8 X 8 RGB LED Matrix project amateur

Before I start, let me explain why I'm trying to get into this hobby. I will be taking my first C programming class this coming semester and I thought programing a RGB LED matrix would be the best way to get my self familiarized with coding. I also enjoy doing projects like these, for some reason I really enjoy messing around with LEDs. I'm not sure if this too much of a project for a beginner like myself, but I enjoy challenges.

I have a few questions:

*How can I calculate which resistors to use on a 8 x 8 RGB Matrix through Arduino? *

I currently have a few 100 ohm 1/4w resistors in hand, but I really don't want to ruin my LED Matrix by using the wrong resistors to run the LEDs.

Any books or websites you recommend for me to read?

I've been reading the arduino reference, instructables and just purchased the "Arduino Cook Book."

Thanks much for your time.

Resistor = (Vsource - Vf(LED) - Vtransistor)/desired current

So, making some assumptions: Vsource = 5V Vf(LED) = 2.2V (assumed minimum voltage drop for a red LED, read your specs) Vtransistor = 0.5 (there will be a transistor somewhere that turns on/off to control the LED) desired current = 20mA (max continuous for most LEDs) then R = (5-2.2-0.5).02 = 115 ohm 120 is a standard value, use that.

What is your control method? Common anode per layer, with current controlled via P-channel MOSFET, and 8x8x3 = 192 cathode sinks in parallel among the 8 layers (24 8-bit shift registers) I have a board with 12 shift registers/board, could use 2 of them daisychained to do the current sinking, and then 1 more more TPIC6B595 to sink current from the P-channel Gate to turn the layers on 1 at a time. To keep current down, maybe only turn on 1 color at a time. 20mA * 64 LEDs = 1.28A, vs .3.84A. Still a 5V, 4A supply could do that too. If you wanted PWM control of all colors, need a PWM chip like WS2801/2803/2811 (one of them has 18 outputs, so you'd need 64*3/18 = 11 of them, and then transfer a lot more data per layer, instead of 24 bits (1 bit/per LED/layer) you'd send 1536 bits (1 byte/LED/Layer), so your refresh rate will be slower: 64 LEDs x 3 colors x 8 bits PWM info/LED x 1/8,000,000 max SPI rate + 500uS hold time = 0.692mS * 8 layers = 5.536mS (180Hz) plus time to read data from memory to transfer out, plus time to turn each layer off before turning next layer on. During the 500uS you need to make any memory updates for pattern changes (reading from serial port, responding to button pushes, whatever).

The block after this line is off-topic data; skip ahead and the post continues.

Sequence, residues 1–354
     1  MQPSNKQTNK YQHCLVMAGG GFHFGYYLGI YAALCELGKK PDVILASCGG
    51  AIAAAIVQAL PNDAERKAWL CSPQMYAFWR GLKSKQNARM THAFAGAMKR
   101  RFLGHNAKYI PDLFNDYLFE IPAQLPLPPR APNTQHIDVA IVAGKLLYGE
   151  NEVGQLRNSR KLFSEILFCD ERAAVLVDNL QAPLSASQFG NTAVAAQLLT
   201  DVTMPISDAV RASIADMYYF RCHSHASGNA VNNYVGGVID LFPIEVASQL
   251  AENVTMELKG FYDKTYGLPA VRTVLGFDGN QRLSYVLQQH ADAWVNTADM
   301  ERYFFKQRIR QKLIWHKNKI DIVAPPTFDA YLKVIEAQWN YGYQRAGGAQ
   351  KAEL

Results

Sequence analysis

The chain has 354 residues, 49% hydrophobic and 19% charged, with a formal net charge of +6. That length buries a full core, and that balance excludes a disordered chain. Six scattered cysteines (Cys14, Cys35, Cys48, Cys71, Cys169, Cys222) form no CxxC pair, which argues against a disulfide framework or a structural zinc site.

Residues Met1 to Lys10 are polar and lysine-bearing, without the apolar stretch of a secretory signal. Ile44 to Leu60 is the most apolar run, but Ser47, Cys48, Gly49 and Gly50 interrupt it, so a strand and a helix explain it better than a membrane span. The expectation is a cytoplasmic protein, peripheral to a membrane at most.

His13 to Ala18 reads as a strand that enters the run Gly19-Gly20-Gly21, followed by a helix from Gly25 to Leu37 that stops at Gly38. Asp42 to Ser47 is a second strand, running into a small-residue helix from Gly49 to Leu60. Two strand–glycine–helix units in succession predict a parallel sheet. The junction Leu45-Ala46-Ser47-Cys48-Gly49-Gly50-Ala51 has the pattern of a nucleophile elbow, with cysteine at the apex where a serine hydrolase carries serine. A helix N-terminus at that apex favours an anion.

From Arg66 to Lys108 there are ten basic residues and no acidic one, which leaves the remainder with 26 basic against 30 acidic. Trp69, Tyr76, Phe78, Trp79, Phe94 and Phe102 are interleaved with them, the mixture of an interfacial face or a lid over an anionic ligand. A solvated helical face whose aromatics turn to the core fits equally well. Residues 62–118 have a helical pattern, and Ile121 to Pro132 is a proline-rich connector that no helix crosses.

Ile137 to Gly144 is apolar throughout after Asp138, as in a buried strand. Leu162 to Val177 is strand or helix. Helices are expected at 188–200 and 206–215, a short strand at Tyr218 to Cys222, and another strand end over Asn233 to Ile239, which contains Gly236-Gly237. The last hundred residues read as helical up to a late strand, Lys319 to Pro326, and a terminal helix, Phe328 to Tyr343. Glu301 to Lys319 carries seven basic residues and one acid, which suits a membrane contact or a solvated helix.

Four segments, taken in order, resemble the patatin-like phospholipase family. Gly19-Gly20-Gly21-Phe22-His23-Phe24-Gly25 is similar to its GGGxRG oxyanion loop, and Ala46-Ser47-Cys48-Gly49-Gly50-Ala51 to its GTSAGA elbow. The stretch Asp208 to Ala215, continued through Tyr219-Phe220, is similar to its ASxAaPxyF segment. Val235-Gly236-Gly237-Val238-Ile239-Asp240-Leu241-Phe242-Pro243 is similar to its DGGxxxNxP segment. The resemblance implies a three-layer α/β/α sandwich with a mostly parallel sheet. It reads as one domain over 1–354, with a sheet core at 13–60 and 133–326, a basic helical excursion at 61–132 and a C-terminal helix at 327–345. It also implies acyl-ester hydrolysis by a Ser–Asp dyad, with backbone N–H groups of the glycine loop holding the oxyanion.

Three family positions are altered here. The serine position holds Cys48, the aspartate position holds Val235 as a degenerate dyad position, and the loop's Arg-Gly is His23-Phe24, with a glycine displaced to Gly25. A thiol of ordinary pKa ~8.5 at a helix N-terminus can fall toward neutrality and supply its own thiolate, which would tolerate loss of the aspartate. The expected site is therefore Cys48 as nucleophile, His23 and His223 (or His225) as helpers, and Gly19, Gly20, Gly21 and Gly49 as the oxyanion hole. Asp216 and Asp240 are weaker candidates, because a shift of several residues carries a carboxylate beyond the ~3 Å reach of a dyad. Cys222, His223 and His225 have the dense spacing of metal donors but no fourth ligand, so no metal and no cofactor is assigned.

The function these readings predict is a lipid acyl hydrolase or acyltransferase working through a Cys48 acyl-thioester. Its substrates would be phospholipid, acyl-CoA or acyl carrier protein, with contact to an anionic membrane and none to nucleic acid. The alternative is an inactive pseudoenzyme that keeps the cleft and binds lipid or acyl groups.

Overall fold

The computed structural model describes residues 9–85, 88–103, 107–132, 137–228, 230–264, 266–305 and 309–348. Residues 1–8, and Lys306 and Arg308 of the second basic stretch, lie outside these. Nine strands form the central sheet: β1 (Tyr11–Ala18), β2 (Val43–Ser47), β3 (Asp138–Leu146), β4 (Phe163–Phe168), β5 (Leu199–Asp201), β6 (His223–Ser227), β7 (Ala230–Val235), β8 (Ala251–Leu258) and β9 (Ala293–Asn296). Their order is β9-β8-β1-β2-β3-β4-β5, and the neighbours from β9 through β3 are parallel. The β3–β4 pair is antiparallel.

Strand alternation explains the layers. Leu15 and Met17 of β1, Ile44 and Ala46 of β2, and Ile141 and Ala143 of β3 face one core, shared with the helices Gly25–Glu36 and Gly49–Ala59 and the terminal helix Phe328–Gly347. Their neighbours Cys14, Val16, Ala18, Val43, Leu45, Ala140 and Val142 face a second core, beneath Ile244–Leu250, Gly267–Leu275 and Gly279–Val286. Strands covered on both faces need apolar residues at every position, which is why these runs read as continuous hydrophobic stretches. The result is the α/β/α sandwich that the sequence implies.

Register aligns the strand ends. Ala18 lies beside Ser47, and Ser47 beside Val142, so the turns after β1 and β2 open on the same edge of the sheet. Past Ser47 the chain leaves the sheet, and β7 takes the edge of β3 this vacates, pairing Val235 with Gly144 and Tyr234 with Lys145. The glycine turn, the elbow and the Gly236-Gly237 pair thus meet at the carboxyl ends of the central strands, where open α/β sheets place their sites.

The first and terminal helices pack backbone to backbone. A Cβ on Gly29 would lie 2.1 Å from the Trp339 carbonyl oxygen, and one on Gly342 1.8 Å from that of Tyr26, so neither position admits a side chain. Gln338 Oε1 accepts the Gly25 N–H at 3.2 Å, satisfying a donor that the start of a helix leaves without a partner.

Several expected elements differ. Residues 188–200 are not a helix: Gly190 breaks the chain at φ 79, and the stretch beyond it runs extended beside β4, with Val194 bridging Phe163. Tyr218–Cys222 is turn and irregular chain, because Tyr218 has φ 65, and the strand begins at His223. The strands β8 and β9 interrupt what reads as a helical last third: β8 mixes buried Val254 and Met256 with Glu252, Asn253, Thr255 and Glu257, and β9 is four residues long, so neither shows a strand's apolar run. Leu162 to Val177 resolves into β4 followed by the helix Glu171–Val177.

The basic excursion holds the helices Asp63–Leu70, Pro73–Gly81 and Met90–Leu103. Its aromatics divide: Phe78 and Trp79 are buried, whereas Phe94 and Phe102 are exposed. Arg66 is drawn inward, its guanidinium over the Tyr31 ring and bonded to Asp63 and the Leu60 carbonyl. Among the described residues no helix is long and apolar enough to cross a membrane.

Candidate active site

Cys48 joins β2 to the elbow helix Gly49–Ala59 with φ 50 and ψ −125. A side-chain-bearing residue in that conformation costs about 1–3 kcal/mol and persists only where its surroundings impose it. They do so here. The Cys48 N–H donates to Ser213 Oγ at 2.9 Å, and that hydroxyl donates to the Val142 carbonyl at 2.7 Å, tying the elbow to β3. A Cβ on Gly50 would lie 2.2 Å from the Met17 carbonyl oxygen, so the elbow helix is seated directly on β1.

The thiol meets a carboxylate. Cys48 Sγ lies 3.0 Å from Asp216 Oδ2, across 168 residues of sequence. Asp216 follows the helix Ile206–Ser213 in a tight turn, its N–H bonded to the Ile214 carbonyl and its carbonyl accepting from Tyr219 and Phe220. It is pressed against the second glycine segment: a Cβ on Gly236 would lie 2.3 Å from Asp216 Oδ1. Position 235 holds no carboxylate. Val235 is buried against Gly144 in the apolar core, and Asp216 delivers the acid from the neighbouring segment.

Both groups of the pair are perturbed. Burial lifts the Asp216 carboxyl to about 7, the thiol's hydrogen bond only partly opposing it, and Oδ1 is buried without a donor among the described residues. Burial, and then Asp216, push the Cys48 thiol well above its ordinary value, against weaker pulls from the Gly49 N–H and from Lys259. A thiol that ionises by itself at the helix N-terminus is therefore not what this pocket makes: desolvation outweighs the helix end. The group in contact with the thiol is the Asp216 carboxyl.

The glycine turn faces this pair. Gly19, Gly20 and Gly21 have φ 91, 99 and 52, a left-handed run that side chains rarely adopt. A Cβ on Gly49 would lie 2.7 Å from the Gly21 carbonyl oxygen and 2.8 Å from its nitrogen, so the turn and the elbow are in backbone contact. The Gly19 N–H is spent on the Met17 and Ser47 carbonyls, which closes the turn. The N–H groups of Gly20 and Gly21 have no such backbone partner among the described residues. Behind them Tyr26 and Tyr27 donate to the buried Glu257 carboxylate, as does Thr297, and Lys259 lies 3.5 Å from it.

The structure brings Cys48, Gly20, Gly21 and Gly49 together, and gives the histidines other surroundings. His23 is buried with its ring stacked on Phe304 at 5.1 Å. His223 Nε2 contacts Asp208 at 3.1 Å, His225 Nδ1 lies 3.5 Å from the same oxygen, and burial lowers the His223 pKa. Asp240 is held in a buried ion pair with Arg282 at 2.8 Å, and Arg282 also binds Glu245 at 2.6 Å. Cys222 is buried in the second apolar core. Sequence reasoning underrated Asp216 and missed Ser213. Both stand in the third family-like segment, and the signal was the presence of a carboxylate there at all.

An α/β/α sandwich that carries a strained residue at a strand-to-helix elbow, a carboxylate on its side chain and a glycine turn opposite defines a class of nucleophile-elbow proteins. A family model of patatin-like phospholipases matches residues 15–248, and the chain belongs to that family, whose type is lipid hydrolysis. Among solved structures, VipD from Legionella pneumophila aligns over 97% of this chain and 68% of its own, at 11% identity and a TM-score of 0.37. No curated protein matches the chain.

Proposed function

Cross Roads Electronics PL & schematic

WS2803-preliminary-En.pdf (437 KB)

CrossRoads: What is your control method?

Thank-you so much for your comments and your help! :)

Here's a link to the type of LED Matrix I bought: http://www.nooelec.com/files/GTM2088ARGB-28.pdf

I was thinking of taking the easy way out with a Rainbowduino but then I decided that wouldn't be much of a learning experience. I'm trying to control the whole LED panel similar to what Rainbowduino does, I just didn't know what I really needed to drive that LED Matrix.

To be honest, I'm a very ignorant on that subject and it's a bit overwhelming but I really want to learn this.

I'm hoping the Arduino Cook book allows me to understand all this indepth, that way I don't ask so many questions.

Your comments have really helped me understand this much more and I thank you for taking your time to help out a novice me like myself.

I'll read up on the information you provided that way I completely understand it. You don't have to explain yourself any furthure as you've already provided me with suffice information to get this project going and I thank you deeply.

I do apologize for the late response.

I'm going for a full control of the LED matrix and I honestly didn't have a clue of what I needed to drive the LED Matrix properly. Like stated before I was afraid to burn the LED Matrix.

I'll be using the USB cable to power my LED Matrix for now, so yes, I'll be using 5V.

I eventually want to see if I can run the LED Matrix through batteries; but that's later down the road.

Ok, standing by then.